But the Boss gets his revenge and has McGinty arrested for being involved in a crooked contract back when he was mayor.  Now the Boss and McGinty are in adjoining cells and they strike a deal and the Boss arranges for both of them to break out of jail and escape the country.  McGinty just has enough time to call Catherine and tell her where there is a safety deposit box with enough money to take care of her and the kids for life.

In the next scene they’re back in the Latin American bar where McGinty is the bartender and the Boss is the owner.  Just as he finishes the story and calms the young man down, he decides to make the cash register ring.  This is supposed to tip off the Boss that McGinty is stealing from him and they get into one of their habitual fistfights.  Obviously, the fight is the highlight of the day for both of these exiles.

Preston Sturges wrote and directed this comedy and like many of his films it has an originality sadly lacking in most movies.  The characters of McGinty and the Boss are extremely vivid and despite their obvious criminality quite likeable.  The rest of the cast are more than adequate and the dialog is quite good.  Highly recommended.

Star Trek – The Original Series – Complete Series Review – Season 2 Episode 23 – The Omega Glory

In the highest circles of the Shatner-Khan hierarchy there is no more sacred text than “Eed plebnista” and “norkon forden perfectunun.”  One of my oldest acquaintances has been heard to spontaneously break out into this phrase with no visible rationale.  Because of these tendencies I tackle this review with great trepidation.  If I get it wrong there could be serious blowback.

The Enterprise is sent to planet blah,blah,blah to find out what has become of the Starship Exeter.  It’s found circling the planet and Kirk, McCoy, Spock and a redshirt fully primed for certain death beam over to the Exeter.  There they find a bunch of empty uniforms dribbling rock salt from the sleeves and pant cuffs.  Surprise, surprise, everybody’s dead and a video clip tells them that a disease brought up from the planet was the cause.  Being warned to beam down to the planet immediately they do so and find out that the lone survivor is Captain Tracey of the Exeter and he is engaged in Prime Directive defying aid to the Kohms in their war with the savage Yangs.  And unsurprisingly the Yangs are the descendants of the defeated white Yankees and the Kohms are the victorious Chinese Communists who won a biological weapons war and occupied the Yangs homeland.

But the Yangs are finishing off a long reconquest of their homeland and even with Captain Tracey’s fire boxes (phasers) the Kohms are in big trouble.  Tracey captures the Enterprise party and demands that Kirk provide him with ten more phasers with three extra power packs for each.  When the redshirt reaches for his phaser Tracey disintegrates him.  We also find out tha the disease that killed off the Exeter would have been harmless if the crew members had stayed just a short time longer on planet blah,blah,blah and now all of them could return to the Enterprise without risk to the ship or themselves.  But Tracey has discovered that the inhabitants live to be over a thousand years old and he is convinced that the secret to this amazing longevity can be discovered by McCoy and then sold by Tracey to the highest bidder once he’s beaten of the Yangs.  McCoy debunks the theory and says the longevity is just a natural byproduct of the survival after the bioweapon ordeal.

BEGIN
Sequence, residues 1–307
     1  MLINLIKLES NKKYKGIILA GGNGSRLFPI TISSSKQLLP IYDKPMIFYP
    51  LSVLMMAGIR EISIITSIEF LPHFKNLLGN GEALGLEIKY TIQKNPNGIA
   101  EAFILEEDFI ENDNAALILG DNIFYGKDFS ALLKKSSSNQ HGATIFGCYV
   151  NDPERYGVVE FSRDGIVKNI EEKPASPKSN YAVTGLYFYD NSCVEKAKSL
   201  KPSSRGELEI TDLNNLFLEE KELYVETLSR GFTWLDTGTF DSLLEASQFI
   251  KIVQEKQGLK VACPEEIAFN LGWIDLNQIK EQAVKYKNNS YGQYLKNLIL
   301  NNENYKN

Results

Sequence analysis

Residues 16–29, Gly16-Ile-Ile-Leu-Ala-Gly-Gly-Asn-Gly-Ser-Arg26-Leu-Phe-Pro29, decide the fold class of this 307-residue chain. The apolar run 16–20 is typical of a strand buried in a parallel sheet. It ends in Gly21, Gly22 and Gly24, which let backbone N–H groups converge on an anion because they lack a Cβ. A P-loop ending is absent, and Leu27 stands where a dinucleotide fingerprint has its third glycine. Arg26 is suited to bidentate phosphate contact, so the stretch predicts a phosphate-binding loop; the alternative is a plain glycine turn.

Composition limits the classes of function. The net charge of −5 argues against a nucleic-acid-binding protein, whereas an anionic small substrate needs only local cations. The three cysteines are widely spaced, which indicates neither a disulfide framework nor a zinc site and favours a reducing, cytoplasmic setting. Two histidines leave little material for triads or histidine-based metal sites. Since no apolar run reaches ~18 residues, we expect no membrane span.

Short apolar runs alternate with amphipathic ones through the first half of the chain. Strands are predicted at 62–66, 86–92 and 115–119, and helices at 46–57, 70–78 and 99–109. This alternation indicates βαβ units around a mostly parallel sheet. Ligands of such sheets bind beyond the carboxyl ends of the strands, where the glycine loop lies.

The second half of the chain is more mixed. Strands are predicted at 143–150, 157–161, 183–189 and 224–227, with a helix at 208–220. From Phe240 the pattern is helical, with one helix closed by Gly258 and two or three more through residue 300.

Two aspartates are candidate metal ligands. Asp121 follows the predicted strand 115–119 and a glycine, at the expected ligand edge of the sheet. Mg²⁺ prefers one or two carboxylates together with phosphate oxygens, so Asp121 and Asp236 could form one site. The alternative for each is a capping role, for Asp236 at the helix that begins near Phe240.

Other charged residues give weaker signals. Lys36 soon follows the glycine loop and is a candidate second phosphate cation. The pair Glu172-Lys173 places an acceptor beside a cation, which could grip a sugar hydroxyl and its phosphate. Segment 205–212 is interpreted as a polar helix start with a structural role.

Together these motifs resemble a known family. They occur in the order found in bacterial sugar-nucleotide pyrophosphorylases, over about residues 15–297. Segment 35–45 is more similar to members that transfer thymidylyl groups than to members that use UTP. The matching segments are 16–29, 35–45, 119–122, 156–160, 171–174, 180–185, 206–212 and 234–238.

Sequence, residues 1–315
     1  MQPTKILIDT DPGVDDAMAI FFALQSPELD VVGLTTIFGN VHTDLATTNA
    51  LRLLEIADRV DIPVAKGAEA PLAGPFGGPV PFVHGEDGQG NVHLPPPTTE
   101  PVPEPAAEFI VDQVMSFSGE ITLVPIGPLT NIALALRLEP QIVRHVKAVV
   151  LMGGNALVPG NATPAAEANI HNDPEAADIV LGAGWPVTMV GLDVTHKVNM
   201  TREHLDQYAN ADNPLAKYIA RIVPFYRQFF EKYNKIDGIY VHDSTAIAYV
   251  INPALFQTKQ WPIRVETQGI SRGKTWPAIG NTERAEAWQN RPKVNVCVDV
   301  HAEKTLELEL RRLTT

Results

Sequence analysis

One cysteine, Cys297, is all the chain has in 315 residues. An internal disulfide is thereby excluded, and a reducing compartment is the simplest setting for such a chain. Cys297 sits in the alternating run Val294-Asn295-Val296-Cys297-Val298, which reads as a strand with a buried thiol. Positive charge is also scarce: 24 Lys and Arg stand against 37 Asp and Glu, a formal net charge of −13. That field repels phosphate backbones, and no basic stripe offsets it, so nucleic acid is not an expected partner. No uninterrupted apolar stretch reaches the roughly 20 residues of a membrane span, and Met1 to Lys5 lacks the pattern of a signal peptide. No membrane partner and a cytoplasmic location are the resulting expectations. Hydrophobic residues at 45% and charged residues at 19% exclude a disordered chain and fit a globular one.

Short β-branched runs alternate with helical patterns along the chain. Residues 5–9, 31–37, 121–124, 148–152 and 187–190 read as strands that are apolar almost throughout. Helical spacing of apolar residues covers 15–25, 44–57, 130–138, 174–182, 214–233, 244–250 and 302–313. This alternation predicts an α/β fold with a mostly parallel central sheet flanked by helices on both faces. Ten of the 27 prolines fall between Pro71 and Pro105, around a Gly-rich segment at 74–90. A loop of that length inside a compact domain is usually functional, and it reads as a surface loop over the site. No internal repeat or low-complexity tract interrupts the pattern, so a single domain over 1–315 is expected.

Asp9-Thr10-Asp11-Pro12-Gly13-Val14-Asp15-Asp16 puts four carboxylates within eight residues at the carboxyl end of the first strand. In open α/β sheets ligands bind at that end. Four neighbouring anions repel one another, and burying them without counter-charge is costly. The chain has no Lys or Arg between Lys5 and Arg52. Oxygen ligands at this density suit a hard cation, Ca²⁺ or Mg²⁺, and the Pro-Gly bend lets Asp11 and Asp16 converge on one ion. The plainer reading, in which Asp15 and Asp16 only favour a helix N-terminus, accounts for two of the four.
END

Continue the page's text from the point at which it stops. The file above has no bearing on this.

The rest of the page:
Meanwhile there is all this tuh-doing between Kirk and Tracey and a Yang prisoner who we find out is the Yang Chief Cloud Williams and his wife.  Finally Spock and Kirk escape from jail.  But eventually the Yangs attack the Kohms and we get to hear Tracey makes his horrified report of the battle, “They sacrificed hundreds just to draw us out in the open and then they came and they came.  We drained four of our phasers and they still came.  We killed thousands and they still came!”  Good times, good times.

So the Yangs capture all of the Federation personnel.  When the Yangs break out an antique American flag and Cloud Williams starts reciting a really garbled version of the Pledge of Allegiance Kirk completes the pledge and now Cloud wants Kirk to explain how he knows their sacred words.  But whereas Kirk wants to explain that they are from another world Tracey claims that Kirk and his crew are devils.  He uses as proof the fact that Spock has pointed ears and no heart.  Cloud Williams is unclear who to believe and asks if  Kirk can complete the most sacred of their texts which only a chief would know.  He starts it with “Eed plebnista.”  But Kirk can’t figure out what it is.  So instead he claims trial by combat against Tracey to the death.  Spock uses Vulcan mind games to get one of the Yang women to trigger a communicator and an armed landing party arrives with Sulu in command just as Kirk defeats Tracey but refuses to kill him.

Now hearing a few more of the words, “norkon forden perfectunun,” Kirk figures out that it’s the preamble to the Constitution and recites it and then gives Cloud and his tribal circle a civics lesson.  And then somehow they head back to the Enterprise, even though Sulu and the others are now infected with a disease that will dehydrate them down to bath salts within minutes.  The End.

“Eed plebnista” indeed.  There’s just so much to love about this episode.  Tracey beats up Kirk several times in the episode.  Shatner’s overacting while giving the Yangs their civics lesson.  And Tracey is so great in his angry intensity.  He wants that immortality drug and the power it will give him.  He comes up with that great “He has no hearrrrt!” line about Spock and finally he has his great narration of the Yang attack.

This gets a    10   //   7.